As voters head to the polls in Armenia’s parliamentary elections, they may be thinking less about politics and more about their pocketbooks.
Vote-buying has long been a staple of politics in Armenia, where parties and politicians offer few inspiring choices and voters see little reason to support one over the other.
“They come from all the party headquarters and quote a sum, and we wait to see who offers the highest sum so we can choose him,” said Rima Kirakosyan, a resident of Gyumri, Armenia’s second-largest city where the official poverty level stands at about 45 percent. Kirakosyan, who has lived in temporary housing ever since a 1988 earthquake devastated the city, joked in an interview with EurasiaNet.org that her neighbors are planning to organize “an auction to raise the rates of the election bribes.”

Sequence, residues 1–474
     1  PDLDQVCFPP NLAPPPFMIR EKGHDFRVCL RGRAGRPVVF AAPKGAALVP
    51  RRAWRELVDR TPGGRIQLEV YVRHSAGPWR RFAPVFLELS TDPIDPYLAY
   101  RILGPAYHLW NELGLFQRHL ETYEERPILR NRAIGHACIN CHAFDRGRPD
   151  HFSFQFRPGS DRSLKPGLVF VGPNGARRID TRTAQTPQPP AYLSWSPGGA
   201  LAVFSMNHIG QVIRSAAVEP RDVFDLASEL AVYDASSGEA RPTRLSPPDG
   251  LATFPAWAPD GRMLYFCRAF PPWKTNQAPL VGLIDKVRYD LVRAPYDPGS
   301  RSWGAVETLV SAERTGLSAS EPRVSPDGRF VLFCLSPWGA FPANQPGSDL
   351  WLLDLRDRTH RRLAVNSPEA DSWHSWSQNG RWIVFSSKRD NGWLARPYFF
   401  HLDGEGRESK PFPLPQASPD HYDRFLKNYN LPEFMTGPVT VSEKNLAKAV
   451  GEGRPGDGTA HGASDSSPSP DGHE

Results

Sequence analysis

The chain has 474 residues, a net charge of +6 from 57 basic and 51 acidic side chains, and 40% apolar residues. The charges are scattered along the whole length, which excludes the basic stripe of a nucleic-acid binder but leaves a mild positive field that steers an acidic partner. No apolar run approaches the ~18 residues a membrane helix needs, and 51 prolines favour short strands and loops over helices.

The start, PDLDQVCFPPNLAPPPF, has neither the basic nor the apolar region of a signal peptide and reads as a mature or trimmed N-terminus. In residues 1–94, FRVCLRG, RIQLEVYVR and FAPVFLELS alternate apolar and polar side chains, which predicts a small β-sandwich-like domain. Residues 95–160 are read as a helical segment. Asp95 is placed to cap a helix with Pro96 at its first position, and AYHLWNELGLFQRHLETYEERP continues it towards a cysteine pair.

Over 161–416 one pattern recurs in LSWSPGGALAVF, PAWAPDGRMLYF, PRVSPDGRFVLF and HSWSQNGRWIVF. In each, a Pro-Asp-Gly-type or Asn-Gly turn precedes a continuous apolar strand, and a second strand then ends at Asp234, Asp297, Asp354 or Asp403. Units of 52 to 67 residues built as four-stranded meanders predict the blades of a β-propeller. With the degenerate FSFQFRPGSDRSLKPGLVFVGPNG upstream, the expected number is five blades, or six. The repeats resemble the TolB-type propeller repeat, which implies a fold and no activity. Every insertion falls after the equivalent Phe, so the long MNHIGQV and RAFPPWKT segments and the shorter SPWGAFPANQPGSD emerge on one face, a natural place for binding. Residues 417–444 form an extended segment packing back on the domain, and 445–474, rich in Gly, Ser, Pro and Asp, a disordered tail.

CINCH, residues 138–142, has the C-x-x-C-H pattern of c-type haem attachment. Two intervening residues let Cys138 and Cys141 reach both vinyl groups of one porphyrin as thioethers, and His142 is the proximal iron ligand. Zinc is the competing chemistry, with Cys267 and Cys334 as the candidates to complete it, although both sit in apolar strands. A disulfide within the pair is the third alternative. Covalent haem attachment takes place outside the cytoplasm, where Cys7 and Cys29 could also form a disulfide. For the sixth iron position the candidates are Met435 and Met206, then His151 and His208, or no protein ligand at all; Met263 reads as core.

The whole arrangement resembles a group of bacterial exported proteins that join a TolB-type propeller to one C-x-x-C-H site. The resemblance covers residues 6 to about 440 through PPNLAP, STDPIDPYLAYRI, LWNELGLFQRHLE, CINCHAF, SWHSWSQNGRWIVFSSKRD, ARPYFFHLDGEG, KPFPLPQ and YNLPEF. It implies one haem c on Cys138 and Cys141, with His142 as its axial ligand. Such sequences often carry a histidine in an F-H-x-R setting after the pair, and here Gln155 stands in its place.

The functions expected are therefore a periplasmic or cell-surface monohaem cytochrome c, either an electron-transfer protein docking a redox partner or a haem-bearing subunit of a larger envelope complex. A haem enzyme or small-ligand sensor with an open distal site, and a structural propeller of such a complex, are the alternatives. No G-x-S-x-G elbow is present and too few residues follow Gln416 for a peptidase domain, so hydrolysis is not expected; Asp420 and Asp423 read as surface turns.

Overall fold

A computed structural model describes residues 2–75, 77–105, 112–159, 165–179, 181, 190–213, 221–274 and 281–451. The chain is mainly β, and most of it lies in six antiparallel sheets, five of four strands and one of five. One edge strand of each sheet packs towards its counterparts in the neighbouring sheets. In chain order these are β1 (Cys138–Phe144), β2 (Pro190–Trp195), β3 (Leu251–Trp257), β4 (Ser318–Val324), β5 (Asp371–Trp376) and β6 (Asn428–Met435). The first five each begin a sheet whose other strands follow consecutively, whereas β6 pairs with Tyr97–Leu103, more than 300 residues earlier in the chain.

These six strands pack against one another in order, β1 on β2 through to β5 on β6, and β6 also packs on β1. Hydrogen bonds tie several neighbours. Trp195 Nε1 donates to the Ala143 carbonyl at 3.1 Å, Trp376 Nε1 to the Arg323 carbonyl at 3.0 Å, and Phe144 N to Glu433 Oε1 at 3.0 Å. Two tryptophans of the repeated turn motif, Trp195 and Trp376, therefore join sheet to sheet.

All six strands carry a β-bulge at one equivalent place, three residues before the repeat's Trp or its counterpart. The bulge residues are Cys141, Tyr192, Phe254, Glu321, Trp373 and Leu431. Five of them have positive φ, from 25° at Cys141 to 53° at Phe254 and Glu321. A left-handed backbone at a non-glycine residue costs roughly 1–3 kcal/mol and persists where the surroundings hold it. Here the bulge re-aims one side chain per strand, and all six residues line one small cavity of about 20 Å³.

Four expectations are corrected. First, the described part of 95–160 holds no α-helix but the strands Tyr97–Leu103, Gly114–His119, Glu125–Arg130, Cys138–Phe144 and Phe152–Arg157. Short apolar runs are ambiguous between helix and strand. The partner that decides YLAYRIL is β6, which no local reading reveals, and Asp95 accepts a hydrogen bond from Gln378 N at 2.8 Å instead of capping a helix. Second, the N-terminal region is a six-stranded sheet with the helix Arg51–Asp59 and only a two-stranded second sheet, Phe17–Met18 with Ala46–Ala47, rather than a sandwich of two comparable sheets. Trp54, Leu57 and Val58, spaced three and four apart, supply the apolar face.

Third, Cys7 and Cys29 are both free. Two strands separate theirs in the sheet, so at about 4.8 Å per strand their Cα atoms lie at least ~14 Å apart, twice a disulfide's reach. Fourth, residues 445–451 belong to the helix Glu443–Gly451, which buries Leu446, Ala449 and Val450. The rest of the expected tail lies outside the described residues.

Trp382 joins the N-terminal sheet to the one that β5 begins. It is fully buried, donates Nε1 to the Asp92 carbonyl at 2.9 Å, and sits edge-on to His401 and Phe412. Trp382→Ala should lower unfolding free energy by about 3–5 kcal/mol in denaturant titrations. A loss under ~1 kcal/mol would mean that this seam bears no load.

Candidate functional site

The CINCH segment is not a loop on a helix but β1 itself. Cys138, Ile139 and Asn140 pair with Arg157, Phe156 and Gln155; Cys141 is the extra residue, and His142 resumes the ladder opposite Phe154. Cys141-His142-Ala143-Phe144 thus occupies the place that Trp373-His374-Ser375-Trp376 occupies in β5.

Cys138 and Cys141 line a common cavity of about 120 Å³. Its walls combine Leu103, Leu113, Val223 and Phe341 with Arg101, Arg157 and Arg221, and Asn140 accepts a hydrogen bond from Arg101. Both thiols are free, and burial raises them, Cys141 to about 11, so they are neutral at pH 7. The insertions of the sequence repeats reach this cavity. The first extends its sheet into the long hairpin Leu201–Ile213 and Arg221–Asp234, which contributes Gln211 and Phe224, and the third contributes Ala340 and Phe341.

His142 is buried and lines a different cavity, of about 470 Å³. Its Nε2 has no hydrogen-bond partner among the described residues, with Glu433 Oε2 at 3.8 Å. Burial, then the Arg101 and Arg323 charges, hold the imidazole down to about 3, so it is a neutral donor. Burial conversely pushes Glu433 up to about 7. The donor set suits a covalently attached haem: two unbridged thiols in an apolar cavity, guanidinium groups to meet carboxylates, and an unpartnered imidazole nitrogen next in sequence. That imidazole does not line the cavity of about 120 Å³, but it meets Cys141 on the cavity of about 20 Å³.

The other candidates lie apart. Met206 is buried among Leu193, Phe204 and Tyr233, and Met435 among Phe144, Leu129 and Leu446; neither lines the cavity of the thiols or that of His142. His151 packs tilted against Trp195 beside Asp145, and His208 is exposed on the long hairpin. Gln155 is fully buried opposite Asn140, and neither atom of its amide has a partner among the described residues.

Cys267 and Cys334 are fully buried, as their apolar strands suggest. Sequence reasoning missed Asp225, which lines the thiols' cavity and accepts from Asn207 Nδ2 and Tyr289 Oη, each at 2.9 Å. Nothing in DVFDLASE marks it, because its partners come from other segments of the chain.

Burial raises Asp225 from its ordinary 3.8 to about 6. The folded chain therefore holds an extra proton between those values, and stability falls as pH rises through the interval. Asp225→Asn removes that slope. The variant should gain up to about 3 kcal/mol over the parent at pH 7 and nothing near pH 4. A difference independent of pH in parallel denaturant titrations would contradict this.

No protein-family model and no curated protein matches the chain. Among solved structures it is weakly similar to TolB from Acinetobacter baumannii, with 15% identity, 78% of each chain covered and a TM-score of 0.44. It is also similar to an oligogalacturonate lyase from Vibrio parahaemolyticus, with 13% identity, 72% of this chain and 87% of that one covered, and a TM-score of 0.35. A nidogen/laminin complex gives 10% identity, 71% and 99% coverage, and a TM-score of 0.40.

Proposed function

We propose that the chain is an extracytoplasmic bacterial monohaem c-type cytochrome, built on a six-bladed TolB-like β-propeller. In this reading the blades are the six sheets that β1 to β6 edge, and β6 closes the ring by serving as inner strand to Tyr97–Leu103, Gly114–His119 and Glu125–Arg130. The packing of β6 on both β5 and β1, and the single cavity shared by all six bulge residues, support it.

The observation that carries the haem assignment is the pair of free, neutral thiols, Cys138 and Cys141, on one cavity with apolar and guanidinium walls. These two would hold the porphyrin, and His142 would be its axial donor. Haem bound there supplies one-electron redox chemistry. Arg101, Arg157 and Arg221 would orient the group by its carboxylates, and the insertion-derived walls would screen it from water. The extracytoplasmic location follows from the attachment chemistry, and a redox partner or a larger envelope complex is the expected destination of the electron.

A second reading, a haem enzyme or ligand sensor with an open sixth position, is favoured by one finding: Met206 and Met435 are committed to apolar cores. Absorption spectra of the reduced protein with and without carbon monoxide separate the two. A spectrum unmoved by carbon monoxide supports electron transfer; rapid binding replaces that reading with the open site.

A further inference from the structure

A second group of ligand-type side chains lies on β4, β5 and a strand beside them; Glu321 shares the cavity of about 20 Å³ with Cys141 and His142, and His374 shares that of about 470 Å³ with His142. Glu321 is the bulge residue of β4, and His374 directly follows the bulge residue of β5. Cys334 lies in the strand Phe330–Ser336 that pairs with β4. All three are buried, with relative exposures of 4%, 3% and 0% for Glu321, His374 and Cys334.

In this election, in which the ruling Republican Party of Armenia is expected to win its fifth consecutive parliamentary victory, vote-buying seems to be getting even more blatant. One senior party official acknowledged that voters were being paid, but insisted that it was merely a “donation.”
To read the full story
Gayane Abrahamyan is a freelance reporter and editor in Yerevan.